In short, the world is rapidly becoming a much more dangerous place. And it’s not because of ISIS, or the “terrorist threat” – it’s due to our policy of global intervention, which requires a “forward stance” that includes rattling the nuclear saber.

With over 7,000 nuclear weapons in our arsenal, many of them stationed in a ring around Russia extending from Turkey to the Netherlands, Belgium, Italy, and Germany, it is clear that America’s nukes are not defensive in nature. They are one more way we threaten those who defy Washington’s will. Under George W. Bush, US nuclear doctrine clearly stated that first use is not out of the question: under Team Bush, nukes could’ve been launched to make sure we won what seems like a losing war – say, in Afghanistan, for example. President Obama has supposedly revised this policy, but the movement toward nuclear “modernization” renders his promise less credible. And who is to say what a future President might do – say, President Trump or President Cruz? The latter has stated he wants to see if sand can glow in the dark – do we want a “modernized” nuclear force as long as he and his ilk have a chance at the White House?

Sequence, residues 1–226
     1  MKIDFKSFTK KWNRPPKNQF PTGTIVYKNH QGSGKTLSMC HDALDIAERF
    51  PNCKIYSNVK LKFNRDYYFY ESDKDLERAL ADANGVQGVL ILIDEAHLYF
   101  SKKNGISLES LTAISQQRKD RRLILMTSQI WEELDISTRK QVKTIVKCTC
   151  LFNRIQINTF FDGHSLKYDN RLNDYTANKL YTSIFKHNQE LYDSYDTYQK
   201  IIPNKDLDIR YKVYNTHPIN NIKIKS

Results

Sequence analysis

Why do we have over 7,000 nukes in our arsenal – enough to destroy the world several times over? Why are the contracts for “modernization” speeding through the procedural hoops faster than anyone can keep track of them?

The answer is that Washington is the epicenter of an aggressive empire that seeks to impose its will on every continent, and those 7,000-plus nukes are arrows in its quiver. They are meant to terrorize recalcitrant countries whose leaders don’t ask “How high?” when Washington says “Jump!” They cement our status as the self-appointed enforcer of “world order.” And they fatten the wallets of the armaments industry, which uses its considerable resources to lobby for yet more weaponry in spite of our fragile financial condition.